we come clockwise from the
initial line, and so Theta.

Is minus 2π by three the 2π
three giving us the size the

minus sign giving us the
direction so we can see that the

point we've got described as
minus 2  2 route 3 in

Cartesians is the .4  2π over 3
or minus 2/3 of Π in Pollas.

Now we've taken a point in this
quadrant. A point in this

quadrant appointing this
quadrant. Let's have a look at a

point in the fourth quadrant
just to finish off this set of

examples and the point we chose
was 1  1.

So again.

Let's have a look at where it is
in our cartesian system.

So we've a value of one 4X
and the value of minus one

for Y. So there's our point
P. Join it to the origin.

And again will associate the
origin in the Cartesian's with

the pole of the polar
coordinates and the initial line

will be the X axis, so we're
looking for this angle theater.

And this length of OP.

So all squared is equal to X
squared plus Y squared.

So that's one squared plus minus
one squared, and that's one plus

one is 2 so far is equal
to Route 2.

Let's not worry about the
direction here. Let's just

calculate the magnitude of
theater well. The magnitude of

theater, in fact, to do that,
I'd rather actually call it

Alpha, just want to calculate
the magnitude. So tan Alpha is.

Opposite, which is one over the
adjacent, which is one which is

just one. So Alpha is in fact
Π by 4. That means that my

angle theater for the coordinate
coming around this way is minus

π by 4, and so my polar
coordinates for this point, our

Route 2 and minus π by 4.

So. We've seen here why it's
so important to plot your points

before you do any calculation.

Having looked at what happens
with points, let's see if we can

now have a look at what happens
to a collection of points. In

other words, a curve.

Let's take a very simple curve

in Cartesians. X squared plus Y
squared equals a squared.

Now this is a circle, a
circle centered on the

origin of Radius A.

So if we think about that.

Circle centered on the origin of
radius a, so it will go through.

These points on the axis.

Like so.

If we think about what that
tells us, it tells us that no

matter what the angle is.

For any one of our points.

If we were thinking in Pohlers,
the radius is always a constant.

So if we were to guess at the
polar equation, it would be our

equals A and it wouldn't involve
theater at all. Well, it just

check that we know that X is
equal to our cause theater, and

we know that Y is equal to our

sign Theta. So we can
substitute these in Rsquared

cost, Square theater plus
Rsquared. Sine squared Theta is

equal to a squared. We
can take out the Rsquared.

And that leaves us with
this factor of Cos squared

plus sign squared.

Now cost squared plus sign
squared is a well known identity

cost squared plus sign squared
at the same angle is always one,

so this just reduces two
Rsquared equals a squared or R

equals AR is a constant, which
is what we predicted for looking

at the situation there now.
Another very straightforward

curve is the straight line Y
equals MX. Let's just have a

look at that.

Y equals MX is a straight line
that goes through the origin.

Think about it, is it has a
constant gradient and of course

M. The gradient is defined to be
the tangent of the angle that

the line makes with the positive
direction of the X axis.

So if the gradient is a
constant, the tangent of the

angle is a constant, and so this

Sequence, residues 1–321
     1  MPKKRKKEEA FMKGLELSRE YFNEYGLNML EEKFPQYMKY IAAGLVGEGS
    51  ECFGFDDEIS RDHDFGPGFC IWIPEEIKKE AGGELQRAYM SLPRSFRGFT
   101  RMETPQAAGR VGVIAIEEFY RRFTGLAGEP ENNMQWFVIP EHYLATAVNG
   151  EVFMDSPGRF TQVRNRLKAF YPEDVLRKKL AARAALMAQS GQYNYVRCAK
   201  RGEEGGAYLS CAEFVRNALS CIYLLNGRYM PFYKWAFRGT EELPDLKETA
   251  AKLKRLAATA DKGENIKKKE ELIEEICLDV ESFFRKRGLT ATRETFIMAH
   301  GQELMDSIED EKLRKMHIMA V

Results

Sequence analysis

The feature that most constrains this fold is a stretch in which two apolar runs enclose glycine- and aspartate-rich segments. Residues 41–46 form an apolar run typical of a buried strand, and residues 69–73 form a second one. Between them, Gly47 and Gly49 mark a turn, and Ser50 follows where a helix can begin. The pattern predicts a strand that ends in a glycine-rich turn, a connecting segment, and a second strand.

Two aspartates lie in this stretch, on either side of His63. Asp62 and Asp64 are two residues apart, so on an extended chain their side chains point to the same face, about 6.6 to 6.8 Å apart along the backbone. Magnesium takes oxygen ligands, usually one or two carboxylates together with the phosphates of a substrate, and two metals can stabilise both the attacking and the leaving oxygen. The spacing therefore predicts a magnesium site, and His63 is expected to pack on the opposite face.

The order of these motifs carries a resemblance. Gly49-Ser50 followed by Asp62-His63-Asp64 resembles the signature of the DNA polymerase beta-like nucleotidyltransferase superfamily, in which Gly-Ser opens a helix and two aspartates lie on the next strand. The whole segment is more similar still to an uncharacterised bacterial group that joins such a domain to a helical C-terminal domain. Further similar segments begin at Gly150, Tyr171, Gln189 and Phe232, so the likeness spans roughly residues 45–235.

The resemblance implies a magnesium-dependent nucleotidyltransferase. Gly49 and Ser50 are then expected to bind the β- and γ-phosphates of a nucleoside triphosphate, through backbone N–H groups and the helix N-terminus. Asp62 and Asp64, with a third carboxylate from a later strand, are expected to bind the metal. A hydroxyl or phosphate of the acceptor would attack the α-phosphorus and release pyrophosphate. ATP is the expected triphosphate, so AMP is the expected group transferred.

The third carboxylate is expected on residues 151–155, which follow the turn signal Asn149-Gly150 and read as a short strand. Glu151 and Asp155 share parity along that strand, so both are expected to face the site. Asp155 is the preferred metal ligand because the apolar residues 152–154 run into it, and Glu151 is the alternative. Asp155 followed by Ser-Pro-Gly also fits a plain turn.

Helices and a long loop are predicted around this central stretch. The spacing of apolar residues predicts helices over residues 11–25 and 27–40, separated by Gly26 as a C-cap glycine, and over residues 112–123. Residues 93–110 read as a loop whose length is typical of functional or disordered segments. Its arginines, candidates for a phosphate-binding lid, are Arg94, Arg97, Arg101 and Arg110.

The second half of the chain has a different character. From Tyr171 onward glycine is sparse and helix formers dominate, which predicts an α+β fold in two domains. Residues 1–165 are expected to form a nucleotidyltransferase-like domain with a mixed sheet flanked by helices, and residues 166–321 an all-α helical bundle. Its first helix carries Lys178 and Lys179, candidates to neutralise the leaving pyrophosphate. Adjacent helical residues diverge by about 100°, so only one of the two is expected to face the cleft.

angle theater is a constant. So

let's just have a look at that.
Why is we know?

All. Sign
Theta equals M times

by our cause theater.

The ask cancel out and so I
have sign theater over Cos Theta

equals M. And so I
have tan Theta equals M and

so theater does equal a

constant. But and here there is
a big bot for Y equals MX.

That's the picture that we get
if we're working in Cartesians.

But if we're working in Pohlers,
there's our poll. There's our

initial line Theta equals a
constant. There is the angle

Theta. And remember, we do not
have negative values of R and so

we get a half line. In other
words, we only get this bit of

the line. The half line there.
That simple example should

warnors that whenever we are
moving between one sort of curve

in cartesians into its
equivalent in polar's, we need

to be very careful about the
results that we get.

So let's just have a look at a
couple more examples. Let's take

X squared plus. Y squared is
equal to 9. We know that X is

our cause theater. And why is
our sign theater?

We can plug those in Rsquared,
Cos squared Theta plus

Rsquared, sine squared Theta

equals 9. All squared is a

common factor. So we can take it
out and we've got cost squared

Theta plus sign squared. Theta
is equal to 9 cost squared plus

sign squared is an identity cost
squared plus sign squared of the

same angle is always one, and so
Rsquared equals 9. R is equal

to three IE a circle of radius

3. Let's

take. The
rectangular hyperbola XY is

equal to 4.

And again, we're going to use
X equals our cause theater and

Y equals R sign theater. So
we're multiplying X&Y together.

So when we do that, we're
going to have our squared.

Sign theater
Cos Theta equals 4.

Now. Sign Theta Cos
Theta will twice sign tita cost

theater would be signed to

theater. But I've taken 2 lots
there, so if I've taken 2 lots

there, it's the equivalent of
multiplying that side by two. So

I've got to multiply that side

by two. So I end up with that.

For my equation.

I still some the other way round
now, but one point to notice

before we do. Knowledge of
trig identity's is very

important. We've used cost
squared plus sign. Squared is

one and we've now used sign to
Theta is equal to two

scientist accosts theater. So
knowledge of those is very

important. So as I said, let's
see if we can turn this around

now and have a look at some
examples going the other way.

First one will take is 2 over,
R is equal to 1 plus cause

theater. I don't like really the
way it's written, so let's

multiply up by R so I get R
Plus R cause theater.

Now, because I've done that,
let's just remember that are

squared is equal to X squared
plus Y squared.

So that means I can replace
this are here by the square

root of X squared plus Y

squared. Our costs theater.
Will, our Cos Theta is equal

to X so I can replace this
bit by X.

Now it looks untidy's got a
square root in it, so naturally

we would want to get rid of that
square root. So let's take X

away from each side.

And then let's Square both
sides. So that gives us X

squared plus Y squared there and
on this side it's 2 minus X

all squared, which will give us
4  4 X plus X squared.

So I've got an X squared on each
side that will go out and so I'm

left with Y squared is equal to
4  4 X.

And what you should notice there
is that actually a parabola.

So this would seem to be the
way in which we define a

parabola in polar coordinates.